Tuesday, September 3, 2019

All-Time Teams: Orioles

All this month, The Collector is celebrating 150 years of professional baseball with the All-Time Teams series - a 25-man roster of the best players by position in each MLB franchise's history. Today we'll look at the All-Time Team for the Baltimore Orioles.


Manager: Earl Weaver   Home: Camden Yards



Leading off for the Orioles.. the Second Baseman.. Brian Roberts

Brian Roberts was one of the fastest players in the long history of the Orioles. A two-time All-Star, Roberts compiled three seasons of 50 doubles or more, and his 50 stolen bases led the American League in 2007. He's third on the O's all-time stolen base list, eighth in runs scored, and his 80.1% steal success rate is higher than any full-time player in team history. Roberts played over 1,400 regular season games but did not participate in a single postseason contest.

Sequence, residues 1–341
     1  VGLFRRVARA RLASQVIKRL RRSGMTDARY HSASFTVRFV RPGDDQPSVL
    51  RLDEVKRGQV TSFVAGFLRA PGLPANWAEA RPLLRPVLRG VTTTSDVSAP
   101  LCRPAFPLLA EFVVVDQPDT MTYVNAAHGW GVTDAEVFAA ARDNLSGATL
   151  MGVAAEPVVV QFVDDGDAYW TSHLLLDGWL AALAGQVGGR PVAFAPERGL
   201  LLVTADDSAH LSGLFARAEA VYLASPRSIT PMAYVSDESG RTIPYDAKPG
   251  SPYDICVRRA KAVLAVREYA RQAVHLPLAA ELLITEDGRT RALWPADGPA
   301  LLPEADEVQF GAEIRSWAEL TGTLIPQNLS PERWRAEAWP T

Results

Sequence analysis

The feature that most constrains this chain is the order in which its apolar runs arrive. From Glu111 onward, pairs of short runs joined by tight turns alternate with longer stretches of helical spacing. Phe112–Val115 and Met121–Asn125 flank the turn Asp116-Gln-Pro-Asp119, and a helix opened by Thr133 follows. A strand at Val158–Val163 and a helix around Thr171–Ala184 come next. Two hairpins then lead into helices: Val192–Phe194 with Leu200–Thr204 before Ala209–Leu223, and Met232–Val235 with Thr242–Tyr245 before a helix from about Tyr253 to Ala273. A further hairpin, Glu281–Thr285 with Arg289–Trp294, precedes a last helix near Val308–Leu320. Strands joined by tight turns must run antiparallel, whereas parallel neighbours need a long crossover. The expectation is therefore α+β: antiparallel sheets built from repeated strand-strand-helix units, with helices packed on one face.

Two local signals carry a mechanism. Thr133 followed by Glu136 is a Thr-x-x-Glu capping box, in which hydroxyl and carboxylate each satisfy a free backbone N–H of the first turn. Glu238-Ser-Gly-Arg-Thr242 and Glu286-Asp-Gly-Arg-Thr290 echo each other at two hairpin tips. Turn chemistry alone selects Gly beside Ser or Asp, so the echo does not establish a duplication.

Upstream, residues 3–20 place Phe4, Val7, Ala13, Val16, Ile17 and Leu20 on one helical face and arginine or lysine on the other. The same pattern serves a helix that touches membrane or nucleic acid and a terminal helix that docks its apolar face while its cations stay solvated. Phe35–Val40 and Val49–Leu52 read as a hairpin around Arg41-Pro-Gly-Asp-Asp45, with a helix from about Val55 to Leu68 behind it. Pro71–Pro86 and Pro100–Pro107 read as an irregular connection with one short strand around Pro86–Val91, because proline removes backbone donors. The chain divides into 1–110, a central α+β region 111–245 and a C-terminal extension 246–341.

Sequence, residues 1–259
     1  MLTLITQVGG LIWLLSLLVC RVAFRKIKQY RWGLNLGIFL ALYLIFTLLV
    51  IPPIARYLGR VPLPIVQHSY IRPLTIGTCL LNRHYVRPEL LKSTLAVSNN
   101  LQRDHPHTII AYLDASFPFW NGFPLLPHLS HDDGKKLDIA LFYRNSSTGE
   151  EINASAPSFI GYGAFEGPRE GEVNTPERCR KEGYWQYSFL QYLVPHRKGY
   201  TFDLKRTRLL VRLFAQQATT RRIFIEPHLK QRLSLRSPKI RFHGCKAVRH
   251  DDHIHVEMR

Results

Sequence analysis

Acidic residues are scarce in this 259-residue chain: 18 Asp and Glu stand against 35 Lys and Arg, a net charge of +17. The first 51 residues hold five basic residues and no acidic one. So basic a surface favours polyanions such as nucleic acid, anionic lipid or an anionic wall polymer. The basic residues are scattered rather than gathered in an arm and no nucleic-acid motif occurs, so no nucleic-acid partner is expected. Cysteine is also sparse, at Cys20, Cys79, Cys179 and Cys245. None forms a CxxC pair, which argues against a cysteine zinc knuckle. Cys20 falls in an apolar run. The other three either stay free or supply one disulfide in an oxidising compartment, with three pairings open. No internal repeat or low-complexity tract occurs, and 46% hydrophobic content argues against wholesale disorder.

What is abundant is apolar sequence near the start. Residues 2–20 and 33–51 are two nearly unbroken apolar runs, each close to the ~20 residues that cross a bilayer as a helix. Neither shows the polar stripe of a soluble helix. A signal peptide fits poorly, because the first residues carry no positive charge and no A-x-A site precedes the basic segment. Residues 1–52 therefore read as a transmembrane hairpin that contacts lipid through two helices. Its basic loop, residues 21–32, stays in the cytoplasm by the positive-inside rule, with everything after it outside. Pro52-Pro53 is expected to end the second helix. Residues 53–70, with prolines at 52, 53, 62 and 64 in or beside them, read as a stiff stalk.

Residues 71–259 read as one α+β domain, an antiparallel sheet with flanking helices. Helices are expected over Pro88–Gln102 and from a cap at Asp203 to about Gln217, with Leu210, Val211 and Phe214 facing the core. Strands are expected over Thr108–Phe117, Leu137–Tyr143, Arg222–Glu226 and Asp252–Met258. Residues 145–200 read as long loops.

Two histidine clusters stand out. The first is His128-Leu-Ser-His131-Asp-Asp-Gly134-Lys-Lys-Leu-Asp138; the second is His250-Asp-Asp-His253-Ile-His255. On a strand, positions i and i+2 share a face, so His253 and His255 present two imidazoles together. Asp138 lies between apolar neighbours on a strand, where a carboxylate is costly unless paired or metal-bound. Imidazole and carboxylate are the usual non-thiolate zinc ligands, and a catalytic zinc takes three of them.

Batting second for Baltimore.. the First Baseman.. George Sisler

One of the greatest pure hitters in baseball history, George Sisler batted above .400 twice, and led the majors both times. His career .340 average is tied with Lou Gehrig for 16th all-time. Sisler holds franchise records for triples (145) and stolen bases (351), which would make him an ideal #1 or #2 hitter. George was awarded AL MVP honors in 1922, after leading the Browns to within one game of the Yankees for the pennant.


 


Batting third.. the Left Fielder.. Ken Williams

Back-to-back Browns in the top of the order is a bit surprising considering the lack of team success in St. Louis, though Ken Williams is well-deserving of a starting spot. In ten seasons with the Browns, Williams posted a slash line of .326/.403/.558. His career On-base, slugging, and OPS averages are first or second in team history. Ken Williams led the AL in home runs, RBI, and total bases in 1922 - the only non-Yankee to do so while Babe Ruth was in his prime.